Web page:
BOISE — In an era of ridesharing and e-scooters, you don’t hear as much about public transit. However, it’s still a necessity for many people, especially those with limited means or with disabilities.
“I do find it important because those who can’t drive or have difficulties walking, the bus is a great way to get around,” said rider Cori Lee Miller.
Riders like Miller take the bus home from work. It’s close, it gives her freedom, and it’s relatively inexpensive. Soon Valley Regional Transit is increasing its fares. Valley Regional Transit charges riders $1.00 for single-use, adult rider. After unanimous approval from their board members, that price will jump 50% to $1.50. The prices for other passes are also rising, some by 17% percent. The increase is meant to make the expenses of the trip more balanced.
"If the bus were full, and you had full-paying passengers on that bus, then that bus would pay for the trip,” said principal planner for VRT Stephen Hunt.
Miller says even a 50-cent increase is hard on her wallet.
“I’m one of those people that can only hold a part-time job, and I need to save as much money as I can.”
Others don’t mind the fare increase, especially compared to some of the other public transit costs.
“It’s cheaper than when I lived in Sacramento; it’s like three bucks for seniors and disabled, and for regulars, it was six bucks,” said rider Marilyn Worden.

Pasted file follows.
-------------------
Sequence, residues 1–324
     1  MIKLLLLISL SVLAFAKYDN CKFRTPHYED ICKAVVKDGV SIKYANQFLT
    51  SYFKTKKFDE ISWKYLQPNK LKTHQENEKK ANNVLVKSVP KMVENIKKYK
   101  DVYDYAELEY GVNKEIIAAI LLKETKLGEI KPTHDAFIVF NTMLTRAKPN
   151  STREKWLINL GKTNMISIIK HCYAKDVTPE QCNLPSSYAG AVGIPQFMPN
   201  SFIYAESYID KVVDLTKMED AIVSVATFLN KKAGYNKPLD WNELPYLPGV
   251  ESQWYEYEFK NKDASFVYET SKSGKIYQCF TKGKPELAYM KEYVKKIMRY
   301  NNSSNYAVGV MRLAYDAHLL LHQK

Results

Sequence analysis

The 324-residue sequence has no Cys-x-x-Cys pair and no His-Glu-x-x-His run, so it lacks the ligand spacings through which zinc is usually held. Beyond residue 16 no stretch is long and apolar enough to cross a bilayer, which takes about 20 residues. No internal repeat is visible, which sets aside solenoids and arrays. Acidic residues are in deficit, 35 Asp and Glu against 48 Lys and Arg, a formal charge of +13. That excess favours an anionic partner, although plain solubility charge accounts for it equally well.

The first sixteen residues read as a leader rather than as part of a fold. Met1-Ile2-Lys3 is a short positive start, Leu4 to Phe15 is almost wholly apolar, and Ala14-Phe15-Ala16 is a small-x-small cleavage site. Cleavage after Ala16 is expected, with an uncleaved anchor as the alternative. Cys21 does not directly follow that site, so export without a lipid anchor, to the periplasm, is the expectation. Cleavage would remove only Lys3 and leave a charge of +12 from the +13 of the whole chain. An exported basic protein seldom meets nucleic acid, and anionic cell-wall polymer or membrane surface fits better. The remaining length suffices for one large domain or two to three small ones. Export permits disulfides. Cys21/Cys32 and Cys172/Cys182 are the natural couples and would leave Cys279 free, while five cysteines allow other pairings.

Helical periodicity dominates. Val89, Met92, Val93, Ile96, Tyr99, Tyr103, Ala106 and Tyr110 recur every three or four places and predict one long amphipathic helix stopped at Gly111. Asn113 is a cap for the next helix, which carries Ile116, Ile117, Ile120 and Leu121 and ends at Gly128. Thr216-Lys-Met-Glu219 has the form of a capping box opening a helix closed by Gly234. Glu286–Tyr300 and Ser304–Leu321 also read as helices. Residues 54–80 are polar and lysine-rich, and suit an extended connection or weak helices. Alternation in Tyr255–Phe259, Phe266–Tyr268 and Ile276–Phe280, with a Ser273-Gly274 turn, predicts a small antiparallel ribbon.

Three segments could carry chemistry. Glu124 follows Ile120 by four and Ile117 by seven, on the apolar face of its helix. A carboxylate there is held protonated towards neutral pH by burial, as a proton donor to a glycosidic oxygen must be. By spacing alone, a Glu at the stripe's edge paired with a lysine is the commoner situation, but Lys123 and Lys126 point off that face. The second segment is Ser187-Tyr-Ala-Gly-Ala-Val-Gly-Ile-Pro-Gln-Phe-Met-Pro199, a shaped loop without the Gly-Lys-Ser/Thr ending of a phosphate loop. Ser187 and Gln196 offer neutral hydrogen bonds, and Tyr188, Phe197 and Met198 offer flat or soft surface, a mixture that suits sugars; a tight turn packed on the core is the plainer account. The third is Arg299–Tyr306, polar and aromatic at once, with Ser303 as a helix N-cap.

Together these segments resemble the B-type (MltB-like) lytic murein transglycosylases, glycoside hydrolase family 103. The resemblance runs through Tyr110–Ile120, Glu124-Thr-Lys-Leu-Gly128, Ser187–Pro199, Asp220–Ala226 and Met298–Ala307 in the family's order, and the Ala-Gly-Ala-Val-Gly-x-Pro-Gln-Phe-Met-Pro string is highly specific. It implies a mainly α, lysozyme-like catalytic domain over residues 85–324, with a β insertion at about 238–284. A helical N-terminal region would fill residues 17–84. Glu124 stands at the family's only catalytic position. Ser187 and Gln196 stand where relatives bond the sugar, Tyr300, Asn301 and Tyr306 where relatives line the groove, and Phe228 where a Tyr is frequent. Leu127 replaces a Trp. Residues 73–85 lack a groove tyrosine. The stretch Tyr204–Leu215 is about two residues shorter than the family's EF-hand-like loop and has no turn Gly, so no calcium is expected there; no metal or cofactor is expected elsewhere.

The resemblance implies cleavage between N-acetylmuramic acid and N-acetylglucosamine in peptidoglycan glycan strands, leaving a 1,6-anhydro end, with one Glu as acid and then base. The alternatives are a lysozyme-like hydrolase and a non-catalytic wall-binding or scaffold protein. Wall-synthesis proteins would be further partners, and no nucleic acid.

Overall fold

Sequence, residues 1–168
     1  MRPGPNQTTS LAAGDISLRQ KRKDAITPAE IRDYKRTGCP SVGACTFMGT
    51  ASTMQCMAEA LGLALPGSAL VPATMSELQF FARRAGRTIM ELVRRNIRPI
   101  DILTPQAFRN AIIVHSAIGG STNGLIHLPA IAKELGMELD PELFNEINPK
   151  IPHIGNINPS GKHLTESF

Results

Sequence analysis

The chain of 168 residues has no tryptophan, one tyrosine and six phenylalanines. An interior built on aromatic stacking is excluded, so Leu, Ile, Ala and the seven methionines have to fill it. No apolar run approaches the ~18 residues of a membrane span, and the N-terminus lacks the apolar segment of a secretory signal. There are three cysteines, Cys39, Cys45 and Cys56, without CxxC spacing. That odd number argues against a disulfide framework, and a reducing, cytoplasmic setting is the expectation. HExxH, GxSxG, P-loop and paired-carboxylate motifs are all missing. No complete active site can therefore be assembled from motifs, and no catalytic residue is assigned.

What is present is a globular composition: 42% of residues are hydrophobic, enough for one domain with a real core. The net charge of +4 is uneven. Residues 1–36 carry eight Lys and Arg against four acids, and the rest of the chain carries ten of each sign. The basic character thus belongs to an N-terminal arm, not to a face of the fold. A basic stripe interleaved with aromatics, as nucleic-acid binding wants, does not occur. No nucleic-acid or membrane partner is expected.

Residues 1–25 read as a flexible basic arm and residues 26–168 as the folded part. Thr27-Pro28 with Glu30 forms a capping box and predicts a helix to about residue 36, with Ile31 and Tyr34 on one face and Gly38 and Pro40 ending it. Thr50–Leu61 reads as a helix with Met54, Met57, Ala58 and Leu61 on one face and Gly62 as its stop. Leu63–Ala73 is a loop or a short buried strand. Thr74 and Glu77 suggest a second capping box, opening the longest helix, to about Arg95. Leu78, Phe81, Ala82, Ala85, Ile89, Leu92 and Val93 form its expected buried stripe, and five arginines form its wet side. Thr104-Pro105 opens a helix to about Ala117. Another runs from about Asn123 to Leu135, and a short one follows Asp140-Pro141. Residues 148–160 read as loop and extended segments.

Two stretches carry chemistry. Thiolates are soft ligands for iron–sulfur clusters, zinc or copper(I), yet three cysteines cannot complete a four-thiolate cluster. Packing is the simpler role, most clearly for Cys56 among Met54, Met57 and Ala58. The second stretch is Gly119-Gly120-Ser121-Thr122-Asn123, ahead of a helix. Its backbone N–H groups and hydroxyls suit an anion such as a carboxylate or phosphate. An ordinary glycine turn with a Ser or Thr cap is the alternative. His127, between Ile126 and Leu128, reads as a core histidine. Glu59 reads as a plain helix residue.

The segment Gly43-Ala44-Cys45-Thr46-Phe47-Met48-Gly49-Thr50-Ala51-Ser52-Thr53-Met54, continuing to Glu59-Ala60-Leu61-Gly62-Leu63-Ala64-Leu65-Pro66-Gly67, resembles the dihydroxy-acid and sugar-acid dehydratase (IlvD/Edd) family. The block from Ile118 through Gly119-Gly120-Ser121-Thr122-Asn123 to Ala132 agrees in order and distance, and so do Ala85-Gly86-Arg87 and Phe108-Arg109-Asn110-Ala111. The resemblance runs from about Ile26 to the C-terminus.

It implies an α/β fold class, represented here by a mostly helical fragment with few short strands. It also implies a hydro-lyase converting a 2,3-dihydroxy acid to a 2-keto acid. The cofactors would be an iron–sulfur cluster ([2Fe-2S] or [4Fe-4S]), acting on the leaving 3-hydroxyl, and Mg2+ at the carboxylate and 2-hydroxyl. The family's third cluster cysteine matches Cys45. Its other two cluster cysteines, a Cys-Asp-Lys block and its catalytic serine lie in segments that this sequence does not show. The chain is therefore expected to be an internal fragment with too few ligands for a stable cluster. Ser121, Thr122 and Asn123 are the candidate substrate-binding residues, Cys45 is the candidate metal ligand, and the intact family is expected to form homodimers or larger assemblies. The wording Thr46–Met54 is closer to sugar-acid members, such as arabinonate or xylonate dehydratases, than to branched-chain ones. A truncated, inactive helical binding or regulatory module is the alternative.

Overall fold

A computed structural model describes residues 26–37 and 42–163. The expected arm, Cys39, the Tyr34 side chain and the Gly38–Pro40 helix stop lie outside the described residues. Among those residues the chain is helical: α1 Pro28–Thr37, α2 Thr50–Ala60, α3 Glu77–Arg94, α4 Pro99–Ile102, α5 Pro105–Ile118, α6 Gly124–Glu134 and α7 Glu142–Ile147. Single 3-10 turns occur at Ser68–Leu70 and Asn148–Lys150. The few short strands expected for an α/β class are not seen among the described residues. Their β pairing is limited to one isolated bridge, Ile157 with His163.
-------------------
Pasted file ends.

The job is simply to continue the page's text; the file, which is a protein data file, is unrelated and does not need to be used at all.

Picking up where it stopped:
If riders are paying more, they’re expecting to be paying for their transit to be on time, which isn’t always the case.
As the Valley continues to grow, traffic and construction are making certain routes, like Route 40 from Nampa to Downtown Boise, late, more than 50% of the time.
“It runs on the freeway, which tends to have of all the roads, that one tends to have the most variability in terms of its running time,” said Hunt.
Miller says the route she takes home from work has its fair share of problems.
“Most times because of construction on Cloverdale, it’s been getting here later than usual.”
However since 2016, the percentage of buses generally on-time has gone from 68% on-time to 72% on time.
“On-time performance is defined by a route that’s less than one minute early and less than 5 minutes late,” said Hunt.
According to their data, every year the total number of stops has increased, which is in part due to better data collection, but the opposite is true for the number of riders, a trend since the recession.
“Recently the trend has been down, which has been mirroring transit trends across the county including gas prices, so as the gas prices come down ridership tends to come down,” said Hunt.
Not every cost is increasing by 50 percent, but every pass price is increasing in some manner. Part of the money from the increased fares can go towards re-configuring routes or making schedule changes to account for more time. The increase starts on October 1st.
Valley Regional Transit says currently, fares cover only 8% of operating costs, which makes them heavily reliant on voluntary contributions from cities, counties and highway districts. More money from the increased fares could potentially go towards those costs, to help keep up with rider demand.
For route information from 2016 click here.
For route information from 2017 click here.
For route information from 2018 click here.
For route information from 2019 click here.
You can find more information on all the changing fares here.